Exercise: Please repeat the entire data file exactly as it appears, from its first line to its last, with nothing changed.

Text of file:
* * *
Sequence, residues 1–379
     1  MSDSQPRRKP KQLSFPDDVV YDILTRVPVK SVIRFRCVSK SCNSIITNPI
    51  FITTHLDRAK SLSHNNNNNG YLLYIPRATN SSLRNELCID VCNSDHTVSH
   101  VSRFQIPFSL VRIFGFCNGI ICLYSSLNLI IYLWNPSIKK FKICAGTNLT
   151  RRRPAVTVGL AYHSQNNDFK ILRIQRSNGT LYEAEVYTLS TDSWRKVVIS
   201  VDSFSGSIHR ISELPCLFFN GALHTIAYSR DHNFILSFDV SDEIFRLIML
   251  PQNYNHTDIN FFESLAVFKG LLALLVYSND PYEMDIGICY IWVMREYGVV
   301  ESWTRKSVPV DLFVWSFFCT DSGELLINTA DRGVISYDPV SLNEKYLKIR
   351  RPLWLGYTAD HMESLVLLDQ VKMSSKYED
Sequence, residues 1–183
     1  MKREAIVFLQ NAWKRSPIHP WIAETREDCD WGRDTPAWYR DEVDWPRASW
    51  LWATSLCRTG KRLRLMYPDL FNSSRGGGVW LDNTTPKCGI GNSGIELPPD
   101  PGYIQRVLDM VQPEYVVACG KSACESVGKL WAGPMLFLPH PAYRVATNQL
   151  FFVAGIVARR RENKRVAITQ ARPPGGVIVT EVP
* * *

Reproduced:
Sequence, residues 1–379
     1  MSDSQPRRKP KQLSFPDDVV YDILTRVPVK SVIRFRCVSK SCNSIITNPI
    51  FITTHLDRAK SLSHNNNNNG YLLYIPRATN SSLRNELCID VCNSDHTVSH
   101  VSRFQIPFSL VRIFGFCNGI ICLYSSLNLI IYLWNPSIKK FKICAGTNLT
   151  RRRPAVTVGL AYHSQNNDFK ILRIQRSNGT LYEAEVYTLS TDSWRKVVIS
   201  VDSFSGSIHR ISELPCLFFN GALHTIAYSR DHNFILSFDV SDEIFRLIML
   251  PQNYNHTDIN FFESLAVFKG LLALLVYSND PYEMDIGICY IWVMREYGVV
   301  ESWTRKSVPV DLFVWSFFCT DSGELLINTA DRGVISYDPV SLNEKYLKIR
   351  RPLWLGYTAD HMESLVLLDQ VKMSSKYED
Sequence, residues 1–183
     1  MKREAIVFLQ NAWKRSPIHP WIAETREDCD WGRDTPAWYR DEVDWPRASW
    51  LWATSLCRTG KRLRLMYPDL FNSSRGGGVW LDNTTPKCGI GNSGIELPPD
   101  PGYIQRVLDM VQPEYVVACG KSACESVGKL WAGPMLFLPH PAYRVATNQL
   151  FFVAGIVARR RENKRVAITQ ARPPGGVIVT EVP